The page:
ASSET4 Helps Investors Navigate “The New Normal” Economy
Click to Print This Page
“The new normal” is a term used frequently by the sustainable investing community to define an emerging economic landscape characterized by greater regulation and investor scrutiny of corporate environmental, governance, and social behavior. This, in turn, is requiring corporations to internalize or address what were once the external costs of doing business. Those costs are showing up with increasing impact in the corporate bottom line. At a recent breakfast seminar hosted at NYSSA headquarters, representatives of ASSET4, a provider of environmental, social and governance (ESG) data and analytics, discussed the services the organization provides to corporations and investors who seek to compete in this “new normal” economy.
Founded in 2003, ASSET4 is a private Switzerland-based firm (Goldman Sachs and Bank of America Merrill Lynch hold investment stakes) with 160 full-time employees dedicated to ESG data gathering and analysis. Its clients include major banks, pension funds and global corporations. ASSET4’s ESG database covers 2,900 public companies in over 100 countries as well as 50 supranational organizations. It provides three years of historical data for 250 performance indicators and 900 individual data points for each organization it monitors. Its methodology includes not only the traditional negative screens but also positive, best in class assessments. Data is assembled from annual reports, company and NGO websites, stock exchange filings, corporate social responsibility reports and the news media. Companies are assessed along four “pillars”: economic (client and shareholder loyalty, and performance); environmental (resource use, emissions reduction and product innovation); social (employment quality, health and safety issues, training and development, diversity, human rights record, community engagement, and product responsibility); and corporate governance (board structure and function, compensation, and shareholder rights policies). ASSET4 has also developed models that report C02 emissions and energy use by company based on actual data or estimates when a company has failed to report. Clients can use the ASSET4 database to filter data based on their particular requirements. Equity investors, for example, can build a stock portfolio based on a customized rating system of selected ESG indicators.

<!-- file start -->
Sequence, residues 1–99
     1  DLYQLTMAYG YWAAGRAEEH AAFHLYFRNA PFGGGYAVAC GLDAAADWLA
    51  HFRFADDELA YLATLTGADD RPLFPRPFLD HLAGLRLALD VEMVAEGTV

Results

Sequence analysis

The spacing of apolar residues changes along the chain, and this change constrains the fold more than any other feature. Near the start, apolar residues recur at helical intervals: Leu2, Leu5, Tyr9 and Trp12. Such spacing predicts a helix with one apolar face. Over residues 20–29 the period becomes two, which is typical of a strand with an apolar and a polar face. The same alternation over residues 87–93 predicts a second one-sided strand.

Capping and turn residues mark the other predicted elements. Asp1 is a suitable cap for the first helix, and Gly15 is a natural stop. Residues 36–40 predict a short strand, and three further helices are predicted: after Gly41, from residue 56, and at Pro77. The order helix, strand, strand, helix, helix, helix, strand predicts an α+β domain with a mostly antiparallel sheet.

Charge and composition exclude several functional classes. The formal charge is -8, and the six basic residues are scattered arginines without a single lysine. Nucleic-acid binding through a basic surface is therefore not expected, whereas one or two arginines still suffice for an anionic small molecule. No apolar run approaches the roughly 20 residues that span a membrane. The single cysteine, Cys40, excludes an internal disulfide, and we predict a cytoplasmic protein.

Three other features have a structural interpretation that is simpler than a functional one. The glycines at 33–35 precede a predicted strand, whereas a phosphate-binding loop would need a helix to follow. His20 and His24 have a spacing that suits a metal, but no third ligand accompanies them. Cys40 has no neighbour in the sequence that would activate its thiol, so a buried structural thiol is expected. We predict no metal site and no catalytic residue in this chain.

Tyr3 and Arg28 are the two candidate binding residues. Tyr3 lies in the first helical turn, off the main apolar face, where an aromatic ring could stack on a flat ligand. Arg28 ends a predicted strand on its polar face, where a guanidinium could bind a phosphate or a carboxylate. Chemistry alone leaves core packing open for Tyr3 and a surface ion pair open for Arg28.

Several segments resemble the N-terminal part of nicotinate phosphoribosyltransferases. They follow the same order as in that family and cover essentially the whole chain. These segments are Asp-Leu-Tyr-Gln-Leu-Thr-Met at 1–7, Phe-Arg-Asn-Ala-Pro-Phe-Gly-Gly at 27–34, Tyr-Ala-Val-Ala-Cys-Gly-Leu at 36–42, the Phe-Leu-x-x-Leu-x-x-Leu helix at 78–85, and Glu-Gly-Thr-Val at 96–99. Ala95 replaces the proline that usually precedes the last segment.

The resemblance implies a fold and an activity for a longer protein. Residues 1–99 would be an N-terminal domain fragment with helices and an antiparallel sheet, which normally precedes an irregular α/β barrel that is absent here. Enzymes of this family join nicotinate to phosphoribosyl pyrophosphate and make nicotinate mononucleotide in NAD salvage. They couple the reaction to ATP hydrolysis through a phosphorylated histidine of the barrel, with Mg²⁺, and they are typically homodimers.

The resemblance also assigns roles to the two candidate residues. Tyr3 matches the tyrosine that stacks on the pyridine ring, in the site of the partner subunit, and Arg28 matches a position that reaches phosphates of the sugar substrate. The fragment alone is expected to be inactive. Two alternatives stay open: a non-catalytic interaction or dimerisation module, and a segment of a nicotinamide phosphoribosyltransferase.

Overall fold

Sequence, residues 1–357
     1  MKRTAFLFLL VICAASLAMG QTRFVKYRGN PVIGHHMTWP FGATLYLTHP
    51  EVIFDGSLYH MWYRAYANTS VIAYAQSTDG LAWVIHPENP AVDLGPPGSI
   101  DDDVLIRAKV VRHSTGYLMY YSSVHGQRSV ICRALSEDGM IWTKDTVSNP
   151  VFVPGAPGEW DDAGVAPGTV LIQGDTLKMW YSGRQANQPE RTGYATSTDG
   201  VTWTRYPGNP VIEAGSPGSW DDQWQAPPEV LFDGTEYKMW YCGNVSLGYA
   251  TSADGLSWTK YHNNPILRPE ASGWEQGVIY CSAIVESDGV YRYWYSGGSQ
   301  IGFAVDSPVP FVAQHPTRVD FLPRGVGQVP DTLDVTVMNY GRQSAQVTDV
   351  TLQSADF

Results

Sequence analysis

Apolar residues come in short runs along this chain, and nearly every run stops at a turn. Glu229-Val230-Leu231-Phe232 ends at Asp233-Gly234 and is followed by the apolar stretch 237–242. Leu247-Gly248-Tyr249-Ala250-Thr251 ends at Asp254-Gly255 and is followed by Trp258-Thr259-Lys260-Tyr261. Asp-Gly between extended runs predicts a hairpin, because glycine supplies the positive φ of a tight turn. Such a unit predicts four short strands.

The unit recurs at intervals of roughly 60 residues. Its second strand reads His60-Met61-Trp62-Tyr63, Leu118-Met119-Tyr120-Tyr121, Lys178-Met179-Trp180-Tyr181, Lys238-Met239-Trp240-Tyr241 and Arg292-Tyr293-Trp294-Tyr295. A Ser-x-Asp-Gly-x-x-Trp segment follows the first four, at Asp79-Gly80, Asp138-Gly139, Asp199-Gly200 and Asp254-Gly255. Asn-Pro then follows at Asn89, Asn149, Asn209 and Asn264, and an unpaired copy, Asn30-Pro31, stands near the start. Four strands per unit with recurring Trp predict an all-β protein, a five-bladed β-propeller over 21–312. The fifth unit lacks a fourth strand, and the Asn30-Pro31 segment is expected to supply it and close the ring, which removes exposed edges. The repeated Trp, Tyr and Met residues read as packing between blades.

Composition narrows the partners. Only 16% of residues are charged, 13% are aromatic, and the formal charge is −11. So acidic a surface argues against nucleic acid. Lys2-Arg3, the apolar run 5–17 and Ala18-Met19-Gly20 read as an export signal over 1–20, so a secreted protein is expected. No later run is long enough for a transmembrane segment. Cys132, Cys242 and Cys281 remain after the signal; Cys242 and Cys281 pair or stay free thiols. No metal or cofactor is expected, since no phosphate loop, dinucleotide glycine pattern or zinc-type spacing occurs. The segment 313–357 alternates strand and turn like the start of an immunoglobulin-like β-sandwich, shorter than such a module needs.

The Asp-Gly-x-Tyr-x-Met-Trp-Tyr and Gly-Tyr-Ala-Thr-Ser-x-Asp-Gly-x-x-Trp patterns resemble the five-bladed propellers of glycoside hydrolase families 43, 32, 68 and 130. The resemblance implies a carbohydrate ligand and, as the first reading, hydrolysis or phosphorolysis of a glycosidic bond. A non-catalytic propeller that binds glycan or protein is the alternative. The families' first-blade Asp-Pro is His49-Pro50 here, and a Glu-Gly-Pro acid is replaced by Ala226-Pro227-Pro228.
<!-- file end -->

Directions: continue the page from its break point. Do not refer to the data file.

In addition to services targeted to corporate fixed income and equity investors, ASSET4 recently introduced SovereignSupra, a service that allows fixed income investors in sovereign, local authority and supranational debt to screen for ESG factors. In partnership with the NYSE, ASSET4 also offers a service to NYSE-listed companies that allow them to undertake reviews of their ESG performance relative to their peers.
Still, the question that many mainstream investors continue to ask is “do ESG screens really create portfolios that outperform?” Or as a recent study undertaken by Quantitative Services Group using ASSET4 ESG scores asked: “Is there alpha in ESG signals?” To answer that question QSG formed portfolios of companies, reformed on a monthly basis, made up of securities that scored in the ASSET4 top quintile over a test period of June 30, 2003 to September 30, 2009. (A single ESG score by company was created by normalizing ASSET4 4 “pillar” scores—economic, environmental, social and governance—and combining them on an equal weighted basis.) This top quintile outperformed the Russell 1000 EW by over 300 bps on an annualized basis.
Ted Yarnell, general manager Americas for ASSET4, views the recent consolidation of the ESG analytics industry (Riskmetrics acquired Innovest in March, is reportedly in final stages of talks to acquire KLD Analytics, and INrate and Centre Info have just announced a merger) as part of the natural evolution of this emerging sector. When asked what sets ASSET4 apart from its competitors he noted that its business model is built on publicly available sources only, and does not use information solicited from companies through proprietary questionnaires or interviews. “Every piece of information and data is provided with full attribution so that clients can drill down and find the related source, author, publication, or URL. There are no black boxes,” Yarnell reports.
--Susan Arterian Chang reports on sustainable investing and the new economy from White Plains, New York, and Seal Beach, California.